On the love of craftmanship and the enjoyment of teaching
Bookbinding was added to the UNESCO Inventory of Intangible Cultural Heritage in 2021. TIB also contributes to the continued existence of this craft – the library has been training people to become bookbinders since 1977. In an interview, Ines Thiele, master bookbinder and head of TIB’s bookbindery, talks about her work, her love of the craft, and how her occupation has changed over the decades.
You started training to become a bookbinder 44 years ago, and for the last twelve years you have been head of TIB’s bookbindery, where you now train others to become bookbinders. How much has changed in your occupation and the tasks involved over time?
Our task of protecting and preserving the library’s collections by rebinding and repairing books has not changed to this day. The working methods have also remained the same. But over the years, of course, the machines have been modernised and made safer. At TIB, we are at the cutting edge of technology, and have always been able to adapt our machines and equipment to meet requirements. The cutting machine has a touch display; cutting programmes can be accessed directly. We no longer write shelf marks on a typewriter, as was the case in the past: the barcode is scanned, processed on the computer, and then printed out by a thermal transfer printer.
What has definitely changed are the materials. Some pasting papers are no longer produced nowadays, and what was once an extensive choice of colours has now shrunk to just three: black, grey and beige. These days, the text paper is coated so that the pages of a book do not absorb liquids so quickly – essentially, a good attribute. But it makes our work more difficult: the glue does not stick to the pages as well. For most books, we now have to roughen the spine to increase the surface area so that the glue adheres better and can hold the pages in place. Despite these changes, the everyday life of a contemporary craft bookbinder is still comparable to that of 100 years ago.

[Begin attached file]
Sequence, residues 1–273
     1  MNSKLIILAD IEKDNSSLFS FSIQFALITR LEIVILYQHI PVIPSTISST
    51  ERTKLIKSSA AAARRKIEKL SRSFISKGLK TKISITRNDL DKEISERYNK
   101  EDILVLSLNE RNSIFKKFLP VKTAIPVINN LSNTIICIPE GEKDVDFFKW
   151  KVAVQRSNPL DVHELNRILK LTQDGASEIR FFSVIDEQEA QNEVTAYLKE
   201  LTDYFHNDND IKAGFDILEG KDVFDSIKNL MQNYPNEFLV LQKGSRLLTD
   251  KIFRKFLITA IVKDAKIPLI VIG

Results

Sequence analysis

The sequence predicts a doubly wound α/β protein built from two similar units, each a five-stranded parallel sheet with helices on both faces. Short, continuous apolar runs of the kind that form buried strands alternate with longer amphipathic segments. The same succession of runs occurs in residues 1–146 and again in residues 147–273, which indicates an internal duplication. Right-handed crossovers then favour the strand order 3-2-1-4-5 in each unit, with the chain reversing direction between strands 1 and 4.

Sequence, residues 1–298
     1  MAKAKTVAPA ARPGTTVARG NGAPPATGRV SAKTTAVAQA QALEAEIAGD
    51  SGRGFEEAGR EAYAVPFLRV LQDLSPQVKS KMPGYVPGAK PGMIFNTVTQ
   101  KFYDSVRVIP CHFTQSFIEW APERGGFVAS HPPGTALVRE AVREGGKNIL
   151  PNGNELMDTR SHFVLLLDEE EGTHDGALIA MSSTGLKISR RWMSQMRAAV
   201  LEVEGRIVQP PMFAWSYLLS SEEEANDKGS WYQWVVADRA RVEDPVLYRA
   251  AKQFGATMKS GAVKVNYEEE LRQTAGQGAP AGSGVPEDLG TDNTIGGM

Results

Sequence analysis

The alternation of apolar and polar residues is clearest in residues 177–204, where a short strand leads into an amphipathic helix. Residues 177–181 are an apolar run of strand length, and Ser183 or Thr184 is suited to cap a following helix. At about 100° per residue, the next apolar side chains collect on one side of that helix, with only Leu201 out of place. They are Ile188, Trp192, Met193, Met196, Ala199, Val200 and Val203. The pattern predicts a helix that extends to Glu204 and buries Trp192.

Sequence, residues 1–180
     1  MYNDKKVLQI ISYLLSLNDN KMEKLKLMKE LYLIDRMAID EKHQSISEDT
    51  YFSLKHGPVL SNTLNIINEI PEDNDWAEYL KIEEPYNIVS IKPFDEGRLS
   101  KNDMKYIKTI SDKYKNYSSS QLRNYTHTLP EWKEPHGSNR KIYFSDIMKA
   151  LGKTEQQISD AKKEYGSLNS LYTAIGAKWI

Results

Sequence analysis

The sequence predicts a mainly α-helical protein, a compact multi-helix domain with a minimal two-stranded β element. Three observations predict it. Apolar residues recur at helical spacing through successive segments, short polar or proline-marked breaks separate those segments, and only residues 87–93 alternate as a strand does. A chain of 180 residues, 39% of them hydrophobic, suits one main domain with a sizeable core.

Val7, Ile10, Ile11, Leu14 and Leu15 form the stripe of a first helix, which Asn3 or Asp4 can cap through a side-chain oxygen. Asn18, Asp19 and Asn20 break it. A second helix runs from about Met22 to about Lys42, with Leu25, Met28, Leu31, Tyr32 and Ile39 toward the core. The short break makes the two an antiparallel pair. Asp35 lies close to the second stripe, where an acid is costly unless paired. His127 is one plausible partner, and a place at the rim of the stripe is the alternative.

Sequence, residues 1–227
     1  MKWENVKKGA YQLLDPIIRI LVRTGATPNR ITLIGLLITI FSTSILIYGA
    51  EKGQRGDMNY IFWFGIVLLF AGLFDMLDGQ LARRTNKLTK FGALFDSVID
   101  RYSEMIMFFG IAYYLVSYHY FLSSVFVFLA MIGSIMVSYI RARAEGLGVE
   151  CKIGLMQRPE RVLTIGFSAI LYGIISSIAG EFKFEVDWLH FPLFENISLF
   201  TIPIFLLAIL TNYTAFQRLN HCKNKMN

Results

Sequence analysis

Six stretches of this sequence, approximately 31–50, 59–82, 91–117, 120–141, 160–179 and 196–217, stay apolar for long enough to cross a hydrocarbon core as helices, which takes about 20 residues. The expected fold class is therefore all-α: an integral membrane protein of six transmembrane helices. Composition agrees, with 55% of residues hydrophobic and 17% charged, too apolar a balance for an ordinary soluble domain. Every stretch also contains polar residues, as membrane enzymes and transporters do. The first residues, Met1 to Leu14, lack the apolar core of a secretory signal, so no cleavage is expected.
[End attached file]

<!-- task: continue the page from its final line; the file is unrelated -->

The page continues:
What does a typical working day consist of at TIB’s bookbindery?
The bindery preparation division prepares the books for us and gives us all the information we need: What kind of binding is needed? Repair or rebinding? Thread stitching or adhesive binding? Every day, we arrange the volumes on our shelves according to the date of receipt and the binding method. All seven bookbinders are free to take their work from the shelf, but always paying attention to the oldest date.
The volumes are pulled, trimmed, adhesive-bound – a method of adhesive binding in book production – and put aside to dry overnight. The text blocks are trimmed at the head and tail, measured out, and then covers are made. After drying, the covers are embossed, rounded, joined to the text blocks and pasted down. The finished books are then placed in the standing press overnight. The next morning, we check them and return them to the bindery preparation division. We can do all these activities in our large, bright workshop in the Grunwald Haus; we only need to go into the basement to use the cutting machine to trim the books.